Yellowstone is on Fire
ST. MARY, MT – July 12, 2018
As the press service of Yellowstone reported, the Park has had its first fire this year. Smoke from the Hayden Fire may be visible from the Grand Loop Road between Canyon Village and Mud Volcano. The fire lookout on Mount Washburn spotted the 0.1-acre wildland fire Tuesday morning, July 10. The fire occurred as a result of a lightning strike.
It is reported that the Hayden Fire does not pose a threat to park visitors. Public and firefighter safety is the first priority for park managers. All roads leading into and through the park are open.
This is the first fire in the park this season. Last year, eight fires burned less than 1 acre in total.
Some experts believe that the cause of the fire is not lighting but the high temperature of the ground. They pointed out that fire spreads over the terrain on which grass and bushes germinate. They also refer to studies conducted by researchers at Washington State University and the University of Idaho that have found that the amount of magma inside the Yellowstone supervolcano has increased significantly compared to 2016.
With funding from the National Science Foundation, the researchers “spiked” several hot springs in Yellowstone National Park with deuterium, a stable hydrogen isotope. The researchers used the length of time needed for deuterium concentrations to return to background levels and the temperature of the hot springs to calculate the amount of water and heat flowing out of the springs. Using deuterium for estimating heat flow is safe for the environment and has no visual impact to distract from the park visitors’ experience.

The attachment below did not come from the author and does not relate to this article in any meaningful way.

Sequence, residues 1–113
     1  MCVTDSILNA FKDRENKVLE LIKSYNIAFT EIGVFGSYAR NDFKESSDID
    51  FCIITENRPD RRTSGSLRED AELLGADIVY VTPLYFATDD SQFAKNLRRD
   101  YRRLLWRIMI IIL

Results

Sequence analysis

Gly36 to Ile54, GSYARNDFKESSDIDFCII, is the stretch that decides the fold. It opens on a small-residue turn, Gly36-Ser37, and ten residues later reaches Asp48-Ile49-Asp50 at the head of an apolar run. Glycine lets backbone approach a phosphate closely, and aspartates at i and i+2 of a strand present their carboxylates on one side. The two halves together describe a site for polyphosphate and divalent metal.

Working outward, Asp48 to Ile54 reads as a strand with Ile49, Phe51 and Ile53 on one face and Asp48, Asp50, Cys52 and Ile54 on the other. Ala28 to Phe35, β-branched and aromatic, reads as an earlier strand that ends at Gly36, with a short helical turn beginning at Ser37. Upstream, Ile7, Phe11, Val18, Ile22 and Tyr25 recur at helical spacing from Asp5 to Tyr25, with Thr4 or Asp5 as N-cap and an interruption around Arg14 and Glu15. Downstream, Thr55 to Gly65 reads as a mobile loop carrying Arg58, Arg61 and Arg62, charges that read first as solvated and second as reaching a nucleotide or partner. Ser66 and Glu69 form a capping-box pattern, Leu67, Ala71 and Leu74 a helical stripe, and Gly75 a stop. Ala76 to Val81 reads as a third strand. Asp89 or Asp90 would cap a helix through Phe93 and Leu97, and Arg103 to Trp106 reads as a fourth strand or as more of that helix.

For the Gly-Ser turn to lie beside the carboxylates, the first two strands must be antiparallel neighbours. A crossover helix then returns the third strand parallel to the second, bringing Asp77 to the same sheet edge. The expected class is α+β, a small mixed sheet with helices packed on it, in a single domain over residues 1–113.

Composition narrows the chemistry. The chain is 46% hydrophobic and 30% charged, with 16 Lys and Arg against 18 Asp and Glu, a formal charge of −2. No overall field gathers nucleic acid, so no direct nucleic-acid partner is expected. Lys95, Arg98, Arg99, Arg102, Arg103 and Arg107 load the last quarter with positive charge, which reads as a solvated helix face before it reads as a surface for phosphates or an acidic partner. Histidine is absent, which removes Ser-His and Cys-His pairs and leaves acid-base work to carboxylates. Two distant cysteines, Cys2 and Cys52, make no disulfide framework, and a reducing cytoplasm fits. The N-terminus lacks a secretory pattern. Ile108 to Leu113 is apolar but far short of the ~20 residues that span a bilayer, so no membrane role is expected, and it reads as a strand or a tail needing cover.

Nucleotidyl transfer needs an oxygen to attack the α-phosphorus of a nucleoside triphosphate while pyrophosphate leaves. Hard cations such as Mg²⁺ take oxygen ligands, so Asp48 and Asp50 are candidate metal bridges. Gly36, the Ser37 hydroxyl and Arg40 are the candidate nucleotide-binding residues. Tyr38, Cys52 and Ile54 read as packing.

The team found that previous studies underestimated the amount of water coursing through the springs and the amount of heat leaving the springs. The data also allowed the team to estimate the amount of magma entering the supervolcano from the mantle.
The results of the study, published in the scientific journal Geosphere, argue that compared to 2016, the temperature in the hot springs has increased by 2 times. This situation can only indicate one thing: the amount of magma inside the volcano is growing rapidly.
They also refer to research conducted at the University of Utah, which is responsible for the operation of seismic stations in Yellowstone National Park. According to them the soil within the Caldera has risen considerably. Since 2004 the process has accelerated significantly and now the magnitude of the rise already reaches almost 2 meters.
The temperature of the water in the lakes is constantly growing too and it is now much higher than it should be. All this may be a consequence of the rise to the surface of the molten magma.